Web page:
When designing a logo, you have a whole bunch of creative decisions to make. Do you use a strong image to represent exactly what the brand does, or do you go more conceptual with a carefully curated squiggle (not that you'd ever admit that's what it is)? It all depends on what you want the consumer to see, and the brief, of course, which will inform your decisions.
One graphic designer has played with those decisions with a recent project, where they've replaced brand names with the literal meaning of their logo images. Seeing some of the biggest brand logos this way isn't only good fun, it offers a new perspective on the image and message they've chosen to project with their branding – and is surprisingly thought provoking. You can see them below. Want to have a go? Download Illustrator and get designing.
Apple, Puma, Ram, Dominos ...Some brands names are the literal meaning of the Symbol/Icon on their logo, so I got the idea to redesign other brands, so their name is the literal meaning of the brand's symbol/icon 1/3 pic.twitter.com/Zgk3K4L8cOJune 21, 2022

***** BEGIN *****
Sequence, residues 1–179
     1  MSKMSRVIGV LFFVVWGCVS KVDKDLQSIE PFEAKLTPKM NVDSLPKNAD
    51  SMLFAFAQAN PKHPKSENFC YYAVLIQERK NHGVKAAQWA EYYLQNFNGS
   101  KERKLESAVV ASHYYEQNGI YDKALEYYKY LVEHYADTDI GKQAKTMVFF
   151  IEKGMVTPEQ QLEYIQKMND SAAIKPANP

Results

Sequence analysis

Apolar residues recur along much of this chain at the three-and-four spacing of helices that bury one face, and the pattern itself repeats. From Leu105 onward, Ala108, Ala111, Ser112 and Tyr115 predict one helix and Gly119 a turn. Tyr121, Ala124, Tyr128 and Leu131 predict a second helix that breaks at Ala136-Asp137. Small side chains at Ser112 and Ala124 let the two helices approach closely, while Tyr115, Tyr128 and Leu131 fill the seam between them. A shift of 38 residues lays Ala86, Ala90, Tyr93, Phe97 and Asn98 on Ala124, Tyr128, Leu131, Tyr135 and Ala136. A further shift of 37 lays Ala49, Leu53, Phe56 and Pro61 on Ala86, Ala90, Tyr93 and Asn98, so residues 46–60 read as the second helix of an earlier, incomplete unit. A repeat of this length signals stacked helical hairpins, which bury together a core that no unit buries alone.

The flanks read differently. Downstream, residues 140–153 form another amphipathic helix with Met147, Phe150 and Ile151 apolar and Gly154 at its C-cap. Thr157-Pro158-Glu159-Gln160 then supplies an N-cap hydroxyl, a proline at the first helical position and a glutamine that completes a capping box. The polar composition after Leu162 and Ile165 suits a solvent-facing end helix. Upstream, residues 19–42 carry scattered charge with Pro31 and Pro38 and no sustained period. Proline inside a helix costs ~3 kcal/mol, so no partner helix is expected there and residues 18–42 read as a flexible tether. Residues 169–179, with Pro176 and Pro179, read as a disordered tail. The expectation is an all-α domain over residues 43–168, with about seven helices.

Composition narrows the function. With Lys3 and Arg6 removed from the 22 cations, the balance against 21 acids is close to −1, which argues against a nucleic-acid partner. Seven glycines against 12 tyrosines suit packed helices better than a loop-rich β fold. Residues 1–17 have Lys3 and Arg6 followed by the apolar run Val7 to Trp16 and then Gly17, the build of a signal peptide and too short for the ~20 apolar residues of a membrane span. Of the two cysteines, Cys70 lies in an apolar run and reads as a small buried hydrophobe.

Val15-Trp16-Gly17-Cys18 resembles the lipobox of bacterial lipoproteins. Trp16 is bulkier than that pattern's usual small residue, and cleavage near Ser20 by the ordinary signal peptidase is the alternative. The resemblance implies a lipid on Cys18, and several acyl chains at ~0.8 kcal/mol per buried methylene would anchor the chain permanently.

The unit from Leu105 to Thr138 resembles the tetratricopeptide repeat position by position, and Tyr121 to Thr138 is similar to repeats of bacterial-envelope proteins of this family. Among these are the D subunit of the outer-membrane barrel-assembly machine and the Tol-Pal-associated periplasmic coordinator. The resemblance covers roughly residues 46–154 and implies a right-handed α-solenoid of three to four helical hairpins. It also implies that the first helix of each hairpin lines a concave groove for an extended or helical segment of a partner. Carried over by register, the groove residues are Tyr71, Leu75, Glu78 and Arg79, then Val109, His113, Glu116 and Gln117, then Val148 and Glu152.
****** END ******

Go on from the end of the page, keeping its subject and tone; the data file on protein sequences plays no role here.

"The idea came when I was browsing and analysing some international brand's identities, and I noticed that some brands have their symbol be the literal description of the brand name, like (Puma, Ram, Apple, Dominos, Shell...)," Samir Chajia told Creative Bloq. "I wondered how other brands will look if they took the same approach."
Chajia then searched for famous brands and selected the ones that could be easily described in a word or two. See them all in the slideshow below (scroll to see more), and you might want to consider the brand's real-life creative intention as you go.
"I love these kinds of small projects," says Chajia. "It gives me the liberty to play with wonderful brands and their colours, and typography while appreciating the creativity and simplicity that goes with it."
We love seeing designers use their skills to shine a light on a fascinating element of branding design. This project (see the whole thing on Twitter) reminds us of another designer's joyful retro logos, which made over well-known logos with a retro twist.